5 Answers

  1. The first is not to jump up after waking up. Lie down for five minutes, thinking about your dream. The second is to make a habit of waking up, immediately mentally asking: What did I dream about? The third, and most effective, in my opinion, is to write down your dreams every morning in a specially created notebook.

  2. Sleep has a curious property: after waking up, the internal monologue (dialogue) continues from the place where you fell asleep.

    Therefore, it is almost a win-win method to fall asleep with the idea that you need to remember the dream. So the first morning thoughts will not have time to melt the memory of your dream. After that, of course, you need to write it down.

    There are practical benefits to be gained from dreams. The only question is whether something that only you know is useful to you.

  3. There is some evidence about the effect of vitamin B6 on dream studies and their memorization.
    Pyridoxine is thought to be a stimulating factor for dreams due to its interaction with l-dopa decarboxylase in the production of dopamine and serotonin. Serotonin-based drugs (such as SSRIs) increased the intensity of dreams in subjects, so it is generally assumed that increased arousal during sleep (it is during these periods that dreams are most common) and subsequent awakening may underlie an increase in dream intensity; the frequency of dreams also increases with pyridoxine use. When testing dream recall (a subjective assessment of dream intensity) after waking up, it turned out that 100 mg and 250 mg of pyridoxine showed a dose-dependent increase in dream recall compared to placebo.The experiment involved 12 students, some of whom were given B6 before going to bed, the rest – a placebo. As a result, those who took the vitamin for five days had brighter and more emotional dreams.According to the authors of the experiment, B6 converts the amino acid tryptophan into serotonin during REM sleep. Because of this, serotonin “wakes up” the human brain while he sleeps, which makes dreams more realistic.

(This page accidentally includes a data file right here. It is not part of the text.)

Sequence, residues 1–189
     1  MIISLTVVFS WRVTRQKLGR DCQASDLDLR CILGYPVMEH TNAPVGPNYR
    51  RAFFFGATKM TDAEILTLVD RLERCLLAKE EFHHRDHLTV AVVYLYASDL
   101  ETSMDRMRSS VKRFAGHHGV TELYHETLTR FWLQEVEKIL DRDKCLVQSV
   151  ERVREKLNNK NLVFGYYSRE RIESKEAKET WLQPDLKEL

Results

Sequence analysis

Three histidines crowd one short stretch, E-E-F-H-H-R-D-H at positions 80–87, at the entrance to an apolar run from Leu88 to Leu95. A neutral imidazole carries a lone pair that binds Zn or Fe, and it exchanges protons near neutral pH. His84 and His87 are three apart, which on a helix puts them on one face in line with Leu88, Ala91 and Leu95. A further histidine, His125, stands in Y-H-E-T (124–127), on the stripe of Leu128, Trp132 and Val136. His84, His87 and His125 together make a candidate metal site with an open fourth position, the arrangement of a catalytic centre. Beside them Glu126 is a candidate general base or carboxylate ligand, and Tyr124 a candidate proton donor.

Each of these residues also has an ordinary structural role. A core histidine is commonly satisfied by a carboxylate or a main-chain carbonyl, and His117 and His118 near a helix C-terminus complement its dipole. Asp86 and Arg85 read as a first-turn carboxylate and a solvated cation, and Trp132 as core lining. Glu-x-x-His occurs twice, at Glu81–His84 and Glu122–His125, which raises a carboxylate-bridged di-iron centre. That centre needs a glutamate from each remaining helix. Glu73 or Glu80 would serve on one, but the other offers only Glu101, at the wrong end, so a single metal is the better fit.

4. Everything is simple – every morning immediately review in memory what you saw in a dream, and write it down on a dictaphone or in a notebook. The more you practice, the more you will remember over time (in my experience, you even start to remember cool dreams that you had many years ago).

    If you can't remember anything, pay attention to your feelings and emotions – this is what is left of your dream. So gradually something will start to become clear.

    And a few more points:

    When you remember, it is better to look at some small object at the same time-so more little things will pop up in your memory.

    Also, be sure to say what you experienced during certain events in the dream, your emotions.

    Dialogues and phrases should be written down first, they are forgotten the fastest.

    Oh, yes, even when you just woke up, try not to move much and do not change your position. So you can forget everything instantly.

  5. It is believed that remembering dreams is generally bad, because there are no built-in mechanisms for remembering dreams, and they are not designed for this. Dreams are more likely a byproduct of our brain's activity during sleep, from which it is unlikely to be possible to extract practical information.

    Sometimes it is possible to judge the psychological state of a person by dreams, but the emotional background is analyzed more often (for example, constant disturbing dreams) than real pictures (a dog is chasing you), and this should be done under the supervision of specialists.

    If you really need to, then a sudden awakening or change of scenery does NOT contribute to remembering dreams. Try to wake up naturally in the dark and immediately record what you see.

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